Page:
Teaching Sustainability

These professors work at the confluence of ecology and enterprise. Their research changes the way we interact with the world. Living and working sustainably is possible.

These are just some of the people leading the way:

Poojitha Yapa, professor of civil & environmental engineering, organized the oil spill modeling session at the 36th International Association for Hydro-Environment Engineering and Research World Congress. The session at The Hague, Netherlands, was a forum for scientists to determine the current state of oil spill modeling, industry and government needs — as well as areas that need to be improved. Researchers from academia, scientific institutes, government and industry around the world exchanged ideas and set future directions.

Ruth Baltus, professor of chemical & biomolecular engineering and ISE affiliate, is co-chairing the 25th annual meeting of the North American Membrane Society (NAMS). This event is considered the premier meeting in membrane science and technology, drawing hundreds of attendees from industry, academia and government labs around the world. The meeting will feature presentations about the increasing use of membranes in a broad range of applications, including the removal of carbon dioxide from fossil-fuel-fired power plants’ flue gas streams and from natural gas streams.

 Professor Tom Holsen working in the wind tunnellSusan Powers, the Jean ’79 and Robert ’79 Spence Professor in Sustainable Environmental Systems and ISE associate director for sustainability, was chosen by students to receive the Residence Hall Association Faculty Award. This award honors a faculty member who exemplifies service, going above and beyond the call of duty to add to the prosperity and environmental health of the campus community.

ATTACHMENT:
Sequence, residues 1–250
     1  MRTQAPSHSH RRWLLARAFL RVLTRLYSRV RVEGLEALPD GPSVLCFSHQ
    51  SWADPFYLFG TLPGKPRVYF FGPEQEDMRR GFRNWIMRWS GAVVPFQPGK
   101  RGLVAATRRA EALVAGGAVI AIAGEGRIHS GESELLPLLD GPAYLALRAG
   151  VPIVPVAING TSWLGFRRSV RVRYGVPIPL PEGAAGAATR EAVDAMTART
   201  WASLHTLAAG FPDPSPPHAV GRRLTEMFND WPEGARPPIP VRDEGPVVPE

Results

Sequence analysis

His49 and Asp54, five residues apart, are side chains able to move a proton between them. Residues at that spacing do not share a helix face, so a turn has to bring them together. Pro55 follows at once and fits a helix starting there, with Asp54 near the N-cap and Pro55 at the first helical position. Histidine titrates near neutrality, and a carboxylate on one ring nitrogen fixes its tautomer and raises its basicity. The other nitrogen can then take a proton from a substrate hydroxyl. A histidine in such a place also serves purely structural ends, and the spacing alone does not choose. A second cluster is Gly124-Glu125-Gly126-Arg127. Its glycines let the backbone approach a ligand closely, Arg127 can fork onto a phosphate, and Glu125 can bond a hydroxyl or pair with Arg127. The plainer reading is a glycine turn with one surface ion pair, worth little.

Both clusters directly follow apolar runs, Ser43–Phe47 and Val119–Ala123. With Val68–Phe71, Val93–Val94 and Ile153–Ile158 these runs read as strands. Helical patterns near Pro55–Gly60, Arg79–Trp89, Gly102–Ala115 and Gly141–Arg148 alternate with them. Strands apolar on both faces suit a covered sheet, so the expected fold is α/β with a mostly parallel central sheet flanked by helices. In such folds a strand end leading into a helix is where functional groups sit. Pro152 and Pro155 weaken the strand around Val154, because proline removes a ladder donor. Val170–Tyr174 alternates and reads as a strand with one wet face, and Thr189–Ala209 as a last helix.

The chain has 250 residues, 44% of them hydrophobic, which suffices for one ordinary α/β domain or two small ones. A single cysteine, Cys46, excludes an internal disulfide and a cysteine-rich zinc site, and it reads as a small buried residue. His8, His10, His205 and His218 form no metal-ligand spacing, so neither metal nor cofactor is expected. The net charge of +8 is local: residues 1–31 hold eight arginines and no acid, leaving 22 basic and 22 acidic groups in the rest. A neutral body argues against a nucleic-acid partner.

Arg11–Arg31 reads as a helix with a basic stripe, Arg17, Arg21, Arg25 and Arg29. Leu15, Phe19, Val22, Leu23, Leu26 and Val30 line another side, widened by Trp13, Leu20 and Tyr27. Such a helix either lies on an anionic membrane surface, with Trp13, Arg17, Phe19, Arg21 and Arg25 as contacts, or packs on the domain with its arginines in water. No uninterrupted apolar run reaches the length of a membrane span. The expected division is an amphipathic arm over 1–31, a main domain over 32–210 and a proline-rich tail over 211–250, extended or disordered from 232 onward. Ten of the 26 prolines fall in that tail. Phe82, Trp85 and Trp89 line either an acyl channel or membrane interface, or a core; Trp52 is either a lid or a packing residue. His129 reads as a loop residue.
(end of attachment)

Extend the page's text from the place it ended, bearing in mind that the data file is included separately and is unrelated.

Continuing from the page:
Alan Rossner, associate professor and ISE director of undergraduate programs in environmental health science and environmental science and policy, was awarded the Distinguished Teaching Award. Nominated by Clarkson alumni and selected by faculty, winners receive $1,500 “in recognition of the importance of superior teaching.”

Lei Wu, associate professor of electrical & computer engineering and ISE affiliate, granted $400,000 in research funding by the National Science Foundation. He also received the John W. Graham Jr. Faculty Research Award. Presented to “faculty members who have shown promise in engineering, business, liberal arts or scientific research,” it includes a $1,500 research award that Wu can use to further his work in the stochastic modeling and optimization of large-scale power systems.

Michelle Crimi, associate professor in the Institute for a Sustainable Environment, was awarded a Fulbright Scholarship to work with the civil and environmental engineering department at the University of KwaZulu-Natal. Her award made possible a combined teaching/research experience where she developed a new collaborative course, “Sustainable Industrial Waste Management: Global Challenges and Opportunities,” to be taught simultaneously at Clarkson and UKZN.

In addition to this work, Crimi taught courses and contributed to curriculum development in environmental science and engineering at UKZN. She also conducted and planned collaborative research focused on groundwater remediation and water treatment.

Devon A. Shipp, professor of chemistry & biomolecular science, was awarded a Fulbright Scholarship to work with leading researchers at the University of Ljubljana and the Slovenian National Institute of Chemistry, studying new hybrid-biodegradable polymer materials that have great potential for medical use, particularly pharmaceutical delivery and wound healing. Shipp’s research in polymer chemistry has earned more than $2 million in research funding from industry, government and nonprofit agencies.

More faculty mentors and role models

Return to the Institute for a Sustainable Environment Viewbook >>